Is Facebook Losing its Coveted Demographic?

comScore recently released a report that triggered nothing short of a “sky is falling” media panic. Led by Adweek asking if Facebook is getting uncool for the 18-24 year olds, the media is speculating as to whether or not a mass exodus is underway with much of the blame focusing on parents “ruining the party” for younger demographics.

Here’s what we do know…

comScore is reporting that time spent on Facebook by 18-24 year olds is waning. In July 2009, minutes spent on Facebook dropped by 3%. In August, it plummeted 13%. By September, minutes spent on Facebook crumbled by 16%.

What we don’t know…

Are other factors at play here?

For example, do the summer months affect the data?

How much of that time was documented on desktops versus mobile phones? After all, the Facebook iPhone app represents the almost “perfect” mobile interface for engaging within a 300 million strong social network. Remember, even Twitter reminds us that its greatest growth is currently within the mobile front.

Onward…

Right here, right now, Facebook is beyond relevant, regardless of age group. Not only are we changing how we form relationships in the social web, how and where we’re engaging is also evolving. Do not underestimate the extent of mobile and other vertical platforms. In just the last week, the Microsoft Xbox network opened up access to Facebook, and almost immediately, 2 million gamers jumped on board.

Adweek asks if Facebook is becoming uncool among 18-24 years olds.  I suppose it’s an interesting question when the basis for documenting cool and uncool is rooted in the amount of minutes you spend within a social network. Facebook proudly states that more than 8 billion minutes are spent on Facebook each day (worldwide). And, with the recent news regarding Xbox, how many of the two million gamers fall within the 18-24 age group?

The reality is that our attention is thinning, testing its elasticity with every pull of a shiny new network, service, or application.

A three month drop in time however, is nothing to ignore. It’s also not a reason to sound the alarms.

Certainly comparisons can be drawn between MySpace and Facebook. Although MySpace still boasts a network of over 260 million users, its status resides in the rear view mirror of Facebook.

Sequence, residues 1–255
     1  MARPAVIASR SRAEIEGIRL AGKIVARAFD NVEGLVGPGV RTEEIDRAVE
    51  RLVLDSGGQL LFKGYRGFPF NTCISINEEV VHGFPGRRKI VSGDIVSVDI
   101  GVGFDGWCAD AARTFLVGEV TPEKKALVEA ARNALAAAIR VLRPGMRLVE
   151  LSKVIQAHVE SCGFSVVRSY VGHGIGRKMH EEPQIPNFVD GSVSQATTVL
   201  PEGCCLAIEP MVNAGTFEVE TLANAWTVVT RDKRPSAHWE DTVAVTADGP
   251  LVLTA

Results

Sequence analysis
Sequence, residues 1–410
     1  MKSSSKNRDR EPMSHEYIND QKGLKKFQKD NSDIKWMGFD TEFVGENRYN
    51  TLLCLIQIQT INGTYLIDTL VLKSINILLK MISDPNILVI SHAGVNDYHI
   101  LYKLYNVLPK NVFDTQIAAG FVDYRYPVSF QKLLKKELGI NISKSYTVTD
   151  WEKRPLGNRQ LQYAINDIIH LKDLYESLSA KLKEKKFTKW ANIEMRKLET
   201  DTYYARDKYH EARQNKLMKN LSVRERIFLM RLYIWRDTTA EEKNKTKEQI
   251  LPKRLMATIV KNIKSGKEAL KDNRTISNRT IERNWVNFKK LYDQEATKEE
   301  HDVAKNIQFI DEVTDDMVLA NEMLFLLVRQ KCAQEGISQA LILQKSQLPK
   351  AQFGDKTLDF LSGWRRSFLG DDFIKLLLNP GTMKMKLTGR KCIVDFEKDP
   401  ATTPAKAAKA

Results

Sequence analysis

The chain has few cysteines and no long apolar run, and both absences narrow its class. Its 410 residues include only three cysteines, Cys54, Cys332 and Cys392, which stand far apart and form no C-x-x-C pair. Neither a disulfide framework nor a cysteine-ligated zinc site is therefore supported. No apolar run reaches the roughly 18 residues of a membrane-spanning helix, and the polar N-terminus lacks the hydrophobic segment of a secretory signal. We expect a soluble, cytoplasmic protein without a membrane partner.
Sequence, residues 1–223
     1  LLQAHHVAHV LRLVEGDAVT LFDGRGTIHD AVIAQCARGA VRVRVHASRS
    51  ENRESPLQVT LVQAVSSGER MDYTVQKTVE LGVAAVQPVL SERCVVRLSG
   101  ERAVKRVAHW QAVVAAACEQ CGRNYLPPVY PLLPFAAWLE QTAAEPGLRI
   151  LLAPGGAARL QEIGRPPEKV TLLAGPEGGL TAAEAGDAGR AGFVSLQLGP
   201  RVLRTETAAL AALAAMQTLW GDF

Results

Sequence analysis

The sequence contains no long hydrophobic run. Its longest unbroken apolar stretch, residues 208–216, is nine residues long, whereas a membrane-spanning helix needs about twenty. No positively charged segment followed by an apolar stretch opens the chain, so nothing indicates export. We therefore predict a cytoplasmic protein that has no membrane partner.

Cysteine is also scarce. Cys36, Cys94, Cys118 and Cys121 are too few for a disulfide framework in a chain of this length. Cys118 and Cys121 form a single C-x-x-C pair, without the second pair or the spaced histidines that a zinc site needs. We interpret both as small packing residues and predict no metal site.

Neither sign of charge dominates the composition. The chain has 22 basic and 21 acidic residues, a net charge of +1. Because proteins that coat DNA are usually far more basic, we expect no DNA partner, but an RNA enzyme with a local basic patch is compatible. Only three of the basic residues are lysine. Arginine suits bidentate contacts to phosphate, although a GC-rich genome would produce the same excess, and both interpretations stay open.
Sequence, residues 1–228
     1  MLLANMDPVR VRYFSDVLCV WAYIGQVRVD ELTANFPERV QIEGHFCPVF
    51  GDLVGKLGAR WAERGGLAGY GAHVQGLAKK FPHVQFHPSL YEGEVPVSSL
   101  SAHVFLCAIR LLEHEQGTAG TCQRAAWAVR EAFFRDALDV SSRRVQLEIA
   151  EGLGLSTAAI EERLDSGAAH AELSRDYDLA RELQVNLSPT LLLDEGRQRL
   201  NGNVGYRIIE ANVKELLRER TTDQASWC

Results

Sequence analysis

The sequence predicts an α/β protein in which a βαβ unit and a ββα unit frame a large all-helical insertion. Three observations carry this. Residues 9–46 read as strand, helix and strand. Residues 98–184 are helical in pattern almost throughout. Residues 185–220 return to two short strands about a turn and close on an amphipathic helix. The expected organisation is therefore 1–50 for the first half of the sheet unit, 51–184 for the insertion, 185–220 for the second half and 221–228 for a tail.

While MySpace gave free reign to users over design elements on their pages, mostly with disastrous effects, Facebook’s architecture and design is clean. To some though, it might feel a bit ordinary or even lackluster.

But uncool? That’s a state of psychology that I can’t analyze. Nor do I think it’s possible to discern from the data contained within the comScore report.

Mark Potts, North American managing director for consumer insights at Mindshare, believes Facebook is losing its cool with this demographic, “There’s a ‘parents turn up at the party, the party’s over’ kind of thing going on.”

But there’s more to the story…

Social Media Expands Our Social Networks (and Horizons) in Real Life

The trend that isn’t discussed in these doomsday articles is the transformation in how we forge and maintain contacts in the social web. We’re no longer limiting ties to those we know. We’re expanding our connections based on those we know, those we want to know, and those who want to know us.

Mark Potts discussed this trend in his discussion with Adweek:

We began getting comments like they didn’t know how they acquired 300 friends when they didn’t know half the people on the list. They talked about using it more to coordinate events and gatherings but less so overall because of something lacking in the quality of the friendships.

There’s something to be said about quality over quantity. However, there is also value in learning how to adapt based on how the users within the network interact with one another. In many ways, we’re building and joining communities around our online persona. Or as Seth Godin states, many are building Tribes.

Just for the record, Facebook states that the average user has 130 friends on the site.

Mindshare surveyed 1,200 consumers in August 2009 about their social-networking habits.  51% of the 18- to 24-year-old respondents agreed that “social-networking sites like Facebook are diluting the quality of relationships.”  40% of that group said they now visit social networks that are based on particular interests, such as TV, music or movies.

As Mindshare observes, but stops short of formally acknowledging, is that in this current state of social networking, we are forming contextual networks that link us through common interests, aspirations, and events. This is a study I would love to conduct with Mindshare.